In particular, foreign government purchases of U.S. securities sustain the value of the dollar against the yuan and other Asia currencies, reducing sales and precipitating layoffs in U.S. import-competing and exports industries. This deprives the U.S. economy of many of the benefits of free trade.
In theory, increased trade with China and other Asian economies should shift U.S. employment from import-competing to export industries. Since export industries create more value added per employee and undertake more R&D than import-competing industries, this process would be expected to immediately raise U.S productivity and GDP. These are the essential gains from specialization and comparative advantage increased trade should create.
Instead, growing trade deficits with China and other Asian economies have shifted U.S. employment from import-competing and export industries to nontradable service producing activities. Import-competing and export industries create about 50 percent more value added per employee, and spend more than three times as much R&D per dollar of value added, than the private business sector as a whole. By reducing investments in R&D, a study published by the Economic Strategy Institute indicates the overvalued dollar and resulting trade deficits are reducing U.S. economic growth by at least one percentage point a year, or about 25 percent of potential GDP growth.
Importantly, this one percentage point of growth has not been lost for just one year. The trade deficit has been taxing growth for most of the last two decades, and the cumulative consequences are enormous. Had foreign currency-market intervention and large trade deficits not robbed the U.S. economy of this growth, U.S. GDP would likely be at least 10 percent greater and perhaps 20 percent greater, than it is today. GDP and tax revenues would be higher, and other things remaining the same, the federal budget deficit would be smaller.
Individual industries are particularly hard hit. Since 2000, U.S. manufacturing has shed about 3 million jobs. Judging from past business cycles, it should have regained many of those jobs during the recent recovery.
Financing Trade Deficits
Finally, these mounting deficits have to be financed. For example, in the third quarter of 2006, U.S. investments abroad were $233.8 billion, while foreigners invested $400.2 billion in the United States. Of that latter total, only $44.1 billion or 11 percent was direct investment in U.S. productive assets. Most of the remaining capital inflows were foreign purchases of Treasury securities, corporate bonds, bank accounts, currency, and other paper assets. Essentially, in the third quarter, Americans borrowed more than $350 billion to consume 6.8 percent more than they produced.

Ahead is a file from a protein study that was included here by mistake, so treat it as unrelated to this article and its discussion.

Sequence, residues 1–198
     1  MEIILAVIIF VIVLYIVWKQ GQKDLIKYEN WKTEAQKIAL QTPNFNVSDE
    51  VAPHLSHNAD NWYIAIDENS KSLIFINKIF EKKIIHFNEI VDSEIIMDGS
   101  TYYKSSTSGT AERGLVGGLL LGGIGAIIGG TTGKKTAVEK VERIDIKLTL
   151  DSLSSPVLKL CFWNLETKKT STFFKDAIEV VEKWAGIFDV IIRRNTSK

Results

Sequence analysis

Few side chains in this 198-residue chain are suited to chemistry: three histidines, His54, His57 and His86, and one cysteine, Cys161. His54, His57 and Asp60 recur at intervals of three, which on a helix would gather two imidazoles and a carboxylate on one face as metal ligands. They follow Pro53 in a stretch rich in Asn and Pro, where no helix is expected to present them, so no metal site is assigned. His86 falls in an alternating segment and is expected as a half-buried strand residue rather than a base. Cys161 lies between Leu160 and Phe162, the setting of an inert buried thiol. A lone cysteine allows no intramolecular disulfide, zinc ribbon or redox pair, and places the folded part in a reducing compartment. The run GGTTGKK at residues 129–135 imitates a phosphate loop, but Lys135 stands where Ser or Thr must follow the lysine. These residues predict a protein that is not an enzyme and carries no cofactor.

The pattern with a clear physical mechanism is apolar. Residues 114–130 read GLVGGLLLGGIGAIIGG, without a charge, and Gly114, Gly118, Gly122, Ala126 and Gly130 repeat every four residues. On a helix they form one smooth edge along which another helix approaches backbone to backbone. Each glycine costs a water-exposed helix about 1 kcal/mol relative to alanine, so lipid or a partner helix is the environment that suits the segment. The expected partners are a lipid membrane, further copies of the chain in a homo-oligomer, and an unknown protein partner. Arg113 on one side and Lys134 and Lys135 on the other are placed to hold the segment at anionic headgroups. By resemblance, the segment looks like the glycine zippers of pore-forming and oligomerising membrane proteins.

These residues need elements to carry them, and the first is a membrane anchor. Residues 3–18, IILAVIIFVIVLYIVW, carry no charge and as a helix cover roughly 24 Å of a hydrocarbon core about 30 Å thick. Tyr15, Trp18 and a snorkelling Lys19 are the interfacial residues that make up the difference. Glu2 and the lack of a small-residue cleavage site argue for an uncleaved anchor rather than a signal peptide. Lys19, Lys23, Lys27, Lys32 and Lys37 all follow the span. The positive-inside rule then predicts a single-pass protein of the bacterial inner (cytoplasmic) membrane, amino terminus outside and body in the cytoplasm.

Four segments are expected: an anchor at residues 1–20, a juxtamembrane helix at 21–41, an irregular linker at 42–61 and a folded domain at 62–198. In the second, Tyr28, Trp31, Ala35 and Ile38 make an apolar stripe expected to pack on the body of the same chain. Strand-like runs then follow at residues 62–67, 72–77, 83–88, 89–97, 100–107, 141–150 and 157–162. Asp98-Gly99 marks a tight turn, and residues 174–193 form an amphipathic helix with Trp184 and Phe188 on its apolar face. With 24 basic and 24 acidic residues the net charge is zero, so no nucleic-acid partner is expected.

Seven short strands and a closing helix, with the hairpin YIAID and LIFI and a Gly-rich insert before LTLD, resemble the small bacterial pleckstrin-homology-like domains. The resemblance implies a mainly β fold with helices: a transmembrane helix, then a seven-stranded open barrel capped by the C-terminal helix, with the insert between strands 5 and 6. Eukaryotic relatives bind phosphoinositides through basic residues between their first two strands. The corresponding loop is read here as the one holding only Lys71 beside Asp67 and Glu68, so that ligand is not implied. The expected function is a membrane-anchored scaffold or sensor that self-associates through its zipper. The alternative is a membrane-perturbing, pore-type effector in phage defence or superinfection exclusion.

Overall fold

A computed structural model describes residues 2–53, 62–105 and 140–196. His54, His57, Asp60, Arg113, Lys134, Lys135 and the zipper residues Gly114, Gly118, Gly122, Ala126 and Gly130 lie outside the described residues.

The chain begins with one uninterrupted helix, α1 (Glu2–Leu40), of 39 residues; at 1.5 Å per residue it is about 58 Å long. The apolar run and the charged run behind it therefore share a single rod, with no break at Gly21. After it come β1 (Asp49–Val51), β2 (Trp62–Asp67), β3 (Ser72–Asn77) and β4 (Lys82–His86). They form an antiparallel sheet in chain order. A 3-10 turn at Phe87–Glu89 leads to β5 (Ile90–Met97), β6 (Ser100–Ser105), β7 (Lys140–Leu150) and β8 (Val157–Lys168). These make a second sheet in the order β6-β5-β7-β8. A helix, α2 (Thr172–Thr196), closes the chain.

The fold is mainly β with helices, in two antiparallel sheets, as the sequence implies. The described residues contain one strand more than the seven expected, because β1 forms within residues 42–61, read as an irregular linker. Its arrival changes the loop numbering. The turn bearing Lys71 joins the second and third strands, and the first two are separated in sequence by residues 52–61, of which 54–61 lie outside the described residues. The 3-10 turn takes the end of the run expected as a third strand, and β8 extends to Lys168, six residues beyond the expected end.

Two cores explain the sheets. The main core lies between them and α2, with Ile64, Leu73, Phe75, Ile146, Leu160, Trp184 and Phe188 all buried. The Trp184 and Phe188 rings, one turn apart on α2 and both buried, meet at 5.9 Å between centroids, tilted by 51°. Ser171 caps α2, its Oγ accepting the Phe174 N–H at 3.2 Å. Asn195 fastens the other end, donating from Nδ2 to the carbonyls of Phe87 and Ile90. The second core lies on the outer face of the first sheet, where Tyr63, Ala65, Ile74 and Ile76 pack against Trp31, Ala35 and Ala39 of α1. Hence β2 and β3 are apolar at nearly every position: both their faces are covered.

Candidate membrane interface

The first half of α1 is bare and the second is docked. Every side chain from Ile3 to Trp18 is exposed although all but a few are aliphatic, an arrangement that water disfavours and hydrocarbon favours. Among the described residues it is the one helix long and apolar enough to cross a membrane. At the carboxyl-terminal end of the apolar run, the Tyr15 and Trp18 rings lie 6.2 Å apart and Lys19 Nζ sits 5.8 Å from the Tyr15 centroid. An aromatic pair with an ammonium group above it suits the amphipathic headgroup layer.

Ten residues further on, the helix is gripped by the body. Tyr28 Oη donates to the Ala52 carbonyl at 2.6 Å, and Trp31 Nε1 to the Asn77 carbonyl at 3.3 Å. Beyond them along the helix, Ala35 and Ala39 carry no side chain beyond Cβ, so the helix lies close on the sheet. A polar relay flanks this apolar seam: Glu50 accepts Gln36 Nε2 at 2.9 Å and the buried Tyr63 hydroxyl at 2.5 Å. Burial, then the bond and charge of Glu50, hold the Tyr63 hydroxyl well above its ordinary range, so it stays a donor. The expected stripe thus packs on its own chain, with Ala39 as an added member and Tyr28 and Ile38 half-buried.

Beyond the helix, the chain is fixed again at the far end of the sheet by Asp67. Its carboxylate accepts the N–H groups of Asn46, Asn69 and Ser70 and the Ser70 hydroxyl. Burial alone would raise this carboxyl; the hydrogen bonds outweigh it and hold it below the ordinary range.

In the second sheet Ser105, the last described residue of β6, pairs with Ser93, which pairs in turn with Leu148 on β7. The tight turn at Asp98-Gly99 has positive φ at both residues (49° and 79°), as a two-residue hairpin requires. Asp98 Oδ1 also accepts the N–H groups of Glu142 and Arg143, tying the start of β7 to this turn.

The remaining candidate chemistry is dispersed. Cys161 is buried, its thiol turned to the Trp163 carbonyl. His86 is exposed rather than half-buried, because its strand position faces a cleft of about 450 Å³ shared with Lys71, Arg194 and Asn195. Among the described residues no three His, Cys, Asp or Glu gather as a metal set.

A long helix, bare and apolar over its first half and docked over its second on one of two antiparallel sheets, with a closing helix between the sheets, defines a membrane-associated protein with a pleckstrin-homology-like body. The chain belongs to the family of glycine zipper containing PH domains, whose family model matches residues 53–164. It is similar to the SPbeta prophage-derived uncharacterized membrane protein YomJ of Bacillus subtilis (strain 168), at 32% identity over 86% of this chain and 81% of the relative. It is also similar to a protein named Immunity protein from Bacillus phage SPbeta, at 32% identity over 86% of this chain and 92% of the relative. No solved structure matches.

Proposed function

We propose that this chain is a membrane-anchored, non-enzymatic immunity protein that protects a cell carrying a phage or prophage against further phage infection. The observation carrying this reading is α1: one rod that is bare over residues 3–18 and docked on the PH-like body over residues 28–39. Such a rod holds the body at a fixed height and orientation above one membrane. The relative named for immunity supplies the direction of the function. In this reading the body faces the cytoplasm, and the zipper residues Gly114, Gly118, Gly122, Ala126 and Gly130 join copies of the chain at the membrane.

By purchasing these paper assets, foreign governments in effect loaned Americans $80.8 billion or 2.4 percent of GDP. That well exceeded net household borrowing to finance homes, cars, gasoline, and other consumer goods.
The cumulative effects of this borrowing are frightening. The total external debt is now about $6 trillion. That comes to about $20,000 for each American, and at 5 percent interest, $1000 per person or $2000 for each employed American.
Revaluing the Yuan
Regarding Chinese options, several arguments have been made against the Chinese government allowing the yuan to rise to a value that balances its external trade, but the underpinnings of these arguments are questionable.
It is true that permitting the yuan to rise 30, 40 or 50 percent would impose difficult adjustments on Chinese state-owned enterprises, disrupt Chinese labor markets, and further stress the balance sheets of Chinese banks. However, adjustments of these kinds will only be larger if the yuan is revalued two or five years from now. To avoid such adjustments and sustain its current development model, China will have to purchase ever-larger amounts of dollars, and transfer ever-larger amounts of what it makes to world markets. Can that be sustained indefinitely?
A revaluation of the yuan would cause a productivity burst in China; however, this would not be large enough to wipe out completely the competitive effects of yuan revaluation. Moreover, to the extent that a 30 to 50 percent jump in the dollar value of the yuan did not wipe out China's trade surplus and the excess demand for yuan in currency markets persisted, the dollar value of the yuan could be further adjusted without imposing additional hardships. Productivity gains in China would cushion inflationary effects all around, and Chinese living standards would likely increase by fifty percent or more.
The U.S. is dependent on Chinese and other official purchases of Treasury securities (currency market intervention) to finance its federal budget deficit. However, absent this intervention, the exchange rate for the dollar and trade deficits would be lower, and GDP and tax revenue would be higher. To the extent additional tax revenue did not close the federal financing gap, the Fed could purchase additional Treasury securities to maintain interest rates - something it routinely does to expand and regulate the money supply. Instead of the Chinese and Japanese monetary authorities purchasing Treasury securities, the Fed could make those purchases.
Peter Morici is a professor at the University of Maryland School of Business and former Chief Economist at the U.S. International Trade Commission.